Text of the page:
The value y can also be deﬁned in terms of the
generalised Biot criterion Bi
V
y~
1
Bi
2
V
z1
:
437Bi
V
z1
_ _
1=2
(6)
These equations indicate that:
(i) as Bi
V
R0, yR1 and T
sf
<T
V
. This means that
the temperature field on a body to be quenched is
uniform
(ii) if Bi
V
R‘, yR0 and T
sf
<T
m
which means that
the surface temperature of a body to be cooled is
the same as the quenchant temperature, upon
immersion into the quenchant. To accomplish
this, the relatively high amount of heat being
released from the surface of the metal to the
quenchant requires not only high agitation rates
but also high volume flow rates of the quenchant
to remove the heat as fast as it is being evolved
from the steel
(iii) if there is rapid cooling at the surface upon initial
immersion into the quenchant, it can be assumed
that the core temperature is essentially unchanged.
This is how one achieves a hardened case and
maximum surface compressive stresses.
A third deﬁnition of intensive quenching is that the
Kondratyev number for an intensive quenching process
will be 0
.
8(Kn(1. It is important to note that an
intensive quenching process can be interrupted at the
time when maximum surface compressive stresses are
formed (time quenching), which will occur at the so
called ‘optimal depth of hardened layer’. By using the
numerical relationships above, it is possible to control
the temperature gradient through the crosssection of
the component being quenched and to determine the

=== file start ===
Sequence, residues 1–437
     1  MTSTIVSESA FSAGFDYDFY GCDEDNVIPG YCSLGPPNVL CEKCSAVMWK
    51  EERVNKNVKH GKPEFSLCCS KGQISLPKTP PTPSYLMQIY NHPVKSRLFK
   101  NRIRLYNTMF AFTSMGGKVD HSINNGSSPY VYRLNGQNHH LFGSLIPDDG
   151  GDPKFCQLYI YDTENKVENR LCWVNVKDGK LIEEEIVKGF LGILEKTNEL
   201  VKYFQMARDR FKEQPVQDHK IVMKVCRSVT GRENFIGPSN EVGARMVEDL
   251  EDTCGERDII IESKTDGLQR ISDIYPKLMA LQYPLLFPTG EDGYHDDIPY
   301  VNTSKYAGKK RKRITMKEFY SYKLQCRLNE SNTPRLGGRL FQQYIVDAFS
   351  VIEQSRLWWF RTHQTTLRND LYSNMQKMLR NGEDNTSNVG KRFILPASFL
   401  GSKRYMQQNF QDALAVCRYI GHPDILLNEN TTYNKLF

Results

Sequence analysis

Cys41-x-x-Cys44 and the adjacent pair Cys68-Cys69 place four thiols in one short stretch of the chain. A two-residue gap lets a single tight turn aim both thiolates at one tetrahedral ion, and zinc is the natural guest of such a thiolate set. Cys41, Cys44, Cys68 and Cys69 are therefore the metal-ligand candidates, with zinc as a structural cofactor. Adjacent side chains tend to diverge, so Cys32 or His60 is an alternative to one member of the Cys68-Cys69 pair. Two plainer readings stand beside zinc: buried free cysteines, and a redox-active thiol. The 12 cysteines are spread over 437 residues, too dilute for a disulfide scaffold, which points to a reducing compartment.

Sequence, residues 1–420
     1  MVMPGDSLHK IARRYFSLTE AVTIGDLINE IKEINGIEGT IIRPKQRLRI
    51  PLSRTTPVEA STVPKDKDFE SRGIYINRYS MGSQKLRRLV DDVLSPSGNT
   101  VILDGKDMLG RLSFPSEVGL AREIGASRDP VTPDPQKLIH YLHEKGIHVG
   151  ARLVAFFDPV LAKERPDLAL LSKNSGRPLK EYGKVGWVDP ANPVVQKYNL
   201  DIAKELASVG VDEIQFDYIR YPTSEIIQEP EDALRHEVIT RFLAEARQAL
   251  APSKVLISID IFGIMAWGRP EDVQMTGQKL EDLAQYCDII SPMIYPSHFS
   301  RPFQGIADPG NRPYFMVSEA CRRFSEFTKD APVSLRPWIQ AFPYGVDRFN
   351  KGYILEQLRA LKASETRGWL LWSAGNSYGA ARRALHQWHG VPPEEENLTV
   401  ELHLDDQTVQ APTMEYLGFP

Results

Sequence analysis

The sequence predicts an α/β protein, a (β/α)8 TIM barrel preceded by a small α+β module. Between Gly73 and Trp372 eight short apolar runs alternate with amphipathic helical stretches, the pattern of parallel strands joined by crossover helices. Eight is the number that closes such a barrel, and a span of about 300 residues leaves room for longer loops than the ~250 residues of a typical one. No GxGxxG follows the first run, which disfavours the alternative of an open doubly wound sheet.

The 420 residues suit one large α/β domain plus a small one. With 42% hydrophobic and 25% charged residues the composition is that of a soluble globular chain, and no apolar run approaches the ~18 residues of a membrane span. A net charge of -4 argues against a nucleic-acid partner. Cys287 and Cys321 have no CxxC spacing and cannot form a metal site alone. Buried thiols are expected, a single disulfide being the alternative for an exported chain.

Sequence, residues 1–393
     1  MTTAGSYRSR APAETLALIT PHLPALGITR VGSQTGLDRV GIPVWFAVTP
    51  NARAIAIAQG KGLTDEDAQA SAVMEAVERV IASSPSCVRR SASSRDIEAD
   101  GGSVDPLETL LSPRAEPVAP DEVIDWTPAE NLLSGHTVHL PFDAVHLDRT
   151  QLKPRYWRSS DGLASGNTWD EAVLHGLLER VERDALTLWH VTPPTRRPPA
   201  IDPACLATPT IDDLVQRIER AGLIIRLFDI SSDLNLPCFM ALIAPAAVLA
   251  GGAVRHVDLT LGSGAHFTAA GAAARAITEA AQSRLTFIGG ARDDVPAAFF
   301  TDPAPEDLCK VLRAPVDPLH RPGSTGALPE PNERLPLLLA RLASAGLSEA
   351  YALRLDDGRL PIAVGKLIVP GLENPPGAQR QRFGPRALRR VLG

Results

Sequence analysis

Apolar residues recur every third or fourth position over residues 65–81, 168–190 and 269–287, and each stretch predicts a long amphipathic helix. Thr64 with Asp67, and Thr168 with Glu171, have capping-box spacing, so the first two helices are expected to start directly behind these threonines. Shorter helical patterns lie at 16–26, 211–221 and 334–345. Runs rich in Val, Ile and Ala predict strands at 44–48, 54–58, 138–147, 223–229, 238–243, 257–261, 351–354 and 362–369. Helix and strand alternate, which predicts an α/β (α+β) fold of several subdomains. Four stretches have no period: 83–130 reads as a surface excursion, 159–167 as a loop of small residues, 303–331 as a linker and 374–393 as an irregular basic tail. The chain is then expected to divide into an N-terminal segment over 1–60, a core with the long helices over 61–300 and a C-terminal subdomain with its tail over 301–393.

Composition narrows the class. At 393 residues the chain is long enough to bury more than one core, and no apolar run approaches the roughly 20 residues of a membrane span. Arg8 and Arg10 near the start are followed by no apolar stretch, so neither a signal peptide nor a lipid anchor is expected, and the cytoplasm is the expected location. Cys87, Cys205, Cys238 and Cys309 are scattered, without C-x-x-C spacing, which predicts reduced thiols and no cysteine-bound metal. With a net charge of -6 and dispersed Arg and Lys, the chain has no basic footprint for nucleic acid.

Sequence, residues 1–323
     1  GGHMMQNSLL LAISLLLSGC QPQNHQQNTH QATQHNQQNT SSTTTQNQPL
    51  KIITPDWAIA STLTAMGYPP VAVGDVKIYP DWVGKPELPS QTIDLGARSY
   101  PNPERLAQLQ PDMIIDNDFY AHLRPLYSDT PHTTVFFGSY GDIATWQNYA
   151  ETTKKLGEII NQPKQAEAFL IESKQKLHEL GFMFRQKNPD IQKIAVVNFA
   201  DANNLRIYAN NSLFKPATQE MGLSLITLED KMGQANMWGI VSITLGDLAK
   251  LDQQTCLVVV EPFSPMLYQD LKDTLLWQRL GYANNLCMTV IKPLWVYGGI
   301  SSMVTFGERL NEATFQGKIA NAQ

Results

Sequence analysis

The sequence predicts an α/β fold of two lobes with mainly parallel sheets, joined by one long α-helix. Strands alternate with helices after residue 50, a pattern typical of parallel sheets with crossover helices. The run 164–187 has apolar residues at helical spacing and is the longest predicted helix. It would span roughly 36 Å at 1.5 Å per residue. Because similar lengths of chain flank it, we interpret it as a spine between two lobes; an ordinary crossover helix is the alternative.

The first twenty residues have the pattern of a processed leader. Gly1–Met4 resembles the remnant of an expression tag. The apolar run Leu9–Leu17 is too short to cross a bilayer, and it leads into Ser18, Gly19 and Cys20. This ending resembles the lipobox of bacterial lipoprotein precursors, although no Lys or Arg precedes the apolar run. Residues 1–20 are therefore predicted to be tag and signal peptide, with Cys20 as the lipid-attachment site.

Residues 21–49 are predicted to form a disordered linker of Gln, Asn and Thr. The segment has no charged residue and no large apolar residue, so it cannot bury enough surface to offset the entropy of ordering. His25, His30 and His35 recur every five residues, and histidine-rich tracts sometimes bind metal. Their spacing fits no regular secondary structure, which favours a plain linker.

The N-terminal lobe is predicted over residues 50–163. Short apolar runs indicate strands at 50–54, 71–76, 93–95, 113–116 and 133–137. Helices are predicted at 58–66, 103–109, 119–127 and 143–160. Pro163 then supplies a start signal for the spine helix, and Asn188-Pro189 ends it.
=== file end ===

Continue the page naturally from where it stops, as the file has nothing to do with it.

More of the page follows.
types of residual stresses that will occur.
Although a wide variety of time quench processes
have been developed, three are among the most
common: IQ1, IQ2 and IQ3:
(i) IQ1 is a two step process. In the first step, a part
is cooled slowly, (in an oil, aqueous polymer
solution or molten salt, etc.) to the martensite
start temperature, then intensively cooled until
the cooling process is complete.
10
In the first step
the austenite–martensite transformation is
delayed almost completely, so intensive cooling
is performed only within the martensitic range.
Here the temperature gradient is not large all
points of the crosssection uniformly reach the
martensite start temperature simultaneously
10,16
(ii) IQ2 also has two steps. In the first step, a part is
intensively cooled until the end of nucleate
boiling. Then the part is unloaded and air cooled
to allow equalisation of the temperature over all
crosssections. After this process, the part is
intensively cooled a second time until the cooling
is complete.
17,18
There is no nucleate boiling in
the second step
(iii) IQ3 is the most intensive process, because
nucleate boiling is completely prevented. Direct
convection is facilitated by intensive jets or water
flows until maximum surface compressive stres
ses are achieved. IQ3 can be applied to any parts
in which the maximum depth of hardness is
desired.
2,19–23
The depth of hardness can be
optimised by the proper selection of chemical com